In more modern times (1821) the viceroy of Egypt ordered the conquest of Sudan. With the help of other Arabs the Egyptians raided the Nuba Mountains for 60 years taking slaves, herds and gold. In the late 1870s the Governor of Sudan,  General Gordon Pasha tried without success to suppress the slave trade. In 1881, the Mahdi chased out the Egyptian army with the British and Gordon was killed during the fall of Khartoum. Nothing changed in the Nuba Mountains. The Mahdi needed soldiers and food and they invaded the Nuba Mountains with fervor. In 1898 the English General Kitchener defeated the Mahdists at Omdurman. The Mahdists impacted the Nuba tribes by bringing Islam and arabic to the Nuba Mountains. The British rule brought some peace to the Mountains but the administration was overburdened and they gave authority to the Arab cleric leaders in Khartoum. Even so many British officers felt that the spread of Islam was a threat to the Nuba Mountain people, but it was too little and too late. Though the Nuba were Muslim, Christian and animist, they were quite pure and simple, mixing religions and cultures well in the Nuba Mountains, resisting the brown Arab slave raiders from the outside. In the early 1950s,  the English merged South Sudan and North Sudan into one creating Sudan with the capital in Khartoum which was located in the north. Sudan was given its independence in 1956. The Christian south as well as the Nuba Mountains were now under fundamental Islamic rule with its code of law called the "sharia". Strife between the south and Nuba with Khartoum commenced immediately. In the Nuba Mountains the farmers were squeezed by the Jellaba and the Baggara Arab tribes from their ancestral lands. Thus when fighting broke out in the Sudan between the Christian south and Khartoum in 1983, the Nuba Mountain tribes forged an alliance with the SPLA in the south. The great Nuba Mountain leader Yousif Kuwa, a Muslim,  and SPLA leader John Garang, a Christian, formed a partnership which provided a defense mechanism for almost all of the Nuba Mountain tribes as well as the Christian south. The Sudan Government (GOS) armed the Arab tribes which militia surrounded the Nuba Mountains. By 1988 systematic killing of civilians by forces operating with government approval had commenced in force. In 1992 the GOS which had taken Muslim fundamentalism to new extremes, declared a "Holy Jihad" on the Christian south and the Nuba Mountains. (Osama bin Laden got his start in the Sudan). The genocide was on. Lists of important Nuba intelligentsia leaders were created. "Eradicating the Nuba", a report by a group of influential Muslim leaders spread like wild fire and became the blueprint for killing, the destruction of villages, forced conversions and forced removals including slavery. A leader of the GOS army stated in a press conference in Bern that during a seven month period in 1992 and 1993, the PDF (GOS) had killed 60,000 to 70,000 Nuba. He stressed that these ethnic-cleansing operations made no distinctions between Muslims, Christians or animists. The Khartoum government sealed the Nuba Mountains off from the outside world in this ethnic-cleansing operation. They forced the  Nuba to attend conversion programs to Islam upon the threat of death and destruction of their villages. Inhabitants told me that the Russian Antonov planes of the GOS would come overhead, circle back and then would drop their bombs. The bombing runs were not very accurate as the bombs were rolled out of the doors of the cargo planes, but because of the closeness of the small villages, they created a great deal of destruction. It was not till 2001 when Senator John Danforth was sent by President Bush to the Sudan and the Nuba Mountains that the window to the atrocities of the Taliban type government in Khartoum in the Nuba Mountains was finally  revealed and sharply criticized. We heard stories from sources relating horrific accounts of the terrible genocide there. The Catholic school that was bombed; villages razed if they did not convert to Islam. The continued bombings... Kevin Ashley of 748 Air Relief Services flew into the Nuba regularly taking in supplies and bringing out stories at an extreme risk. Brad Phillips of Persecution Project risked death and bombing to the bring supplies, radios and a vehicle to the Nuba people. Bishop Gassis and his nuns conducting schools in the Nuba Mountains, A hospital run by German doctors took care of the wounded when no one else was in the Nuba Mountains. The Dutch had a small mission. The UN, Europe and the rest of the world were silent. A deafening silence.... A cruel silence.... A forgotten people under a death sentence from a rogue regime as the world stood by.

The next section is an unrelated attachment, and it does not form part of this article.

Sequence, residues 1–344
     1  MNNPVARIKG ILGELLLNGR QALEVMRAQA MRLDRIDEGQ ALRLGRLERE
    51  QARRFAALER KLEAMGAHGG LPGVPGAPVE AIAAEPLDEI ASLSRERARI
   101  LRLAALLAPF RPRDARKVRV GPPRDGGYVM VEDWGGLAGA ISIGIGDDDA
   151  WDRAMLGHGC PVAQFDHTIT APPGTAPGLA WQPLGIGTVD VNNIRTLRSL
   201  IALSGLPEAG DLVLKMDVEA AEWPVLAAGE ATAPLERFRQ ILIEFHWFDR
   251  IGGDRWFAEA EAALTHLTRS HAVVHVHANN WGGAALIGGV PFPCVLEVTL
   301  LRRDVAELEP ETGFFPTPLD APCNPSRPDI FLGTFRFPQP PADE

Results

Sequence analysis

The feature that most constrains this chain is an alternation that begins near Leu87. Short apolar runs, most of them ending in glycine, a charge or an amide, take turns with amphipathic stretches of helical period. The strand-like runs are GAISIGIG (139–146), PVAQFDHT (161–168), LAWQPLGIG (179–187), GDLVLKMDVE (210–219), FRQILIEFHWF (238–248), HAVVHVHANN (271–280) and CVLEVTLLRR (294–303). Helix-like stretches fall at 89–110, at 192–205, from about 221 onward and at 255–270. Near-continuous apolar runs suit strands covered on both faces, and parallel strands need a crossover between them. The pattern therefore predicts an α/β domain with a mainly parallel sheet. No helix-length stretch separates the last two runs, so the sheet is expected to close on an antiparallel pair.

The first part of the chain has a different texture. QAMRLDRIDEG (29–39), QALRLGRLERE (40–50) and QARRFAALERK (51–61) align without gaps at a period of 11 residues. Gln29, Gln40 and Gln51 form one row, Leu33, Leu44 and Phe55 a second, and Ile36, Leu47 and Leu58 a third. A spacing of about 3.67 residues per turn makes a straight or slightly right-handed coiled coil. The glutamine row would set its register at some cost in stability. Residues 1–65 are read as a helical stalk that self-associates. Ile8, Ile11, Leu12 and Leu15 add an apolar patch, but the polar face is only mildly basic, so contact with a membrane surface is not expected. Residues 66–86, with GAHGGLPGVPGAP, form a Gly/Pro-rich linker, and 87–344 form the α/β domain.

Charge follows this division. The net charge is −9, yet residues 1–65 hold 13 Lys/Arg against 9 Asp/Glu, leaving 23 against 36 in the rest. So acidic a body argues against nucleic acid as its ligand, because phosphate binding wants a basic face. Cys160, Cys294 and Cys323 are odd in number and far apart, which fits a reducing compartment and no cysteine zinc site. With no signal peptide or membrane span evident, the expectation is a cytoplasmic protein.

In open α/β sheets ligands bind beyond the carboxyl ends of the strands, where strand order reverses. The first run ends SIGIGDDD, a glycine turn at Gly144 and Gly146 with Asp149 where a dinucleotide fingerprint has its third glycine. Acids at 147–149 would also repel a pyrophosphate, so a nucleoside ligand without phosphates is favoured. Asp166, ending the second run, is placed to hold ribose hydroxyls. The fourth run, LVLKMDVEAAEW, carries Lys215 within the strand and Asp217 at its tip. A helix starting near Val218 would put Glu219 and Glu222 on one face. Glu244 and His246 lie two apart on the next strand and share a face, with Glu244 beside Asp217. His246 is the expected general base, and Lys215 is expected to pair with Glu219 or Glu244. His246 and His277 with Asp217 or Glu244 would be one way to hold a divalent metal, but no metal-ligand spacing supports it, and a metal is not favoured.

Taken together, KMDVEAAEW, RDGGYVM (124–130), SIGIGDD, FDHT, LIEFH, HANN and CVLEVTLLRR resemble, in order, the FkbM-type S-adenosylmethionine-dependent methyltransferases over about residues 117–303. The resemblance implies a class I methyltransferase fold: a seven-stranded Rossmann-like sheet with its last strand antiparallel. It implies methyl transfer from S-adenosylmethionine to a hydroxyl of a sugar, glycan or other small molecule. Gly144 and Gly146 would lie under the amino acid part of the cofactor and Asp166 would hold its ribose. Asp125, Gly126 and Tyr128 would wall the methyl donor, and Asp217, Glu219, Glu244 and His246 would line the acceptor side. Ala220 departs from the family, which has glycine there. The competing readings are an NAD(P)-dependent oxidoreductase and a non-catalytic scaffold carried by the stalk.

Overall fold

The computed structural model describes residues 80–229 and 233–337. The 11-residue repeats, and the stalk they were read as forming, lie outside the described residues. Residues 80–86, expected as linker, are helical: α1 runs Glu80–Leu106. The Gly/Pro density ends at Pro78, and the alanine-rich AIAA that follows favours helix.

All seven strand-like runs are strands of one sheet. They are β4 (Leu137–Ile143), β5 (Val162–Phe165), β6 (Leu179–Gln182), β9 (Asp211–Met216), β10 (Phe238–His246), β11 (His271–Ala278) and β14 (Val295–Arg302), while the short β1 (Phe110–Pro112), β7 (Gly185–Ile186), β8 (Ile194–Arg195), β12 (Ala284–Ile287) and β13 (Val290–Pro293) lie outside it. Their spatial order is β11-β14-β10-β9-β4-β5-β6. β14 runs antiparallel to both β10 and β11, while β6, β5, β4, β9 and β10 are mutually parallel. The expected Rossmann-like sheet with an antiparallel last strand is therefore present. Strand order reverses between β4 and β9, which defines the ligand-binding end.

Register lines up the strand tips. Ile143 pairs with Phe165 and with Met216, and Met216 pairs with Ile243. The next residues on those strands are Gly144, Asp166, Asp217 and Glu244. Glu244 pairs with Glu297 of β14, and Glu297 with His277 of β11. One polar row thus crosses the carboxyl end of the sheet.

Deputy Governor Isaac KuKu surrounded By Simon Peter and the Commissioner of Dilling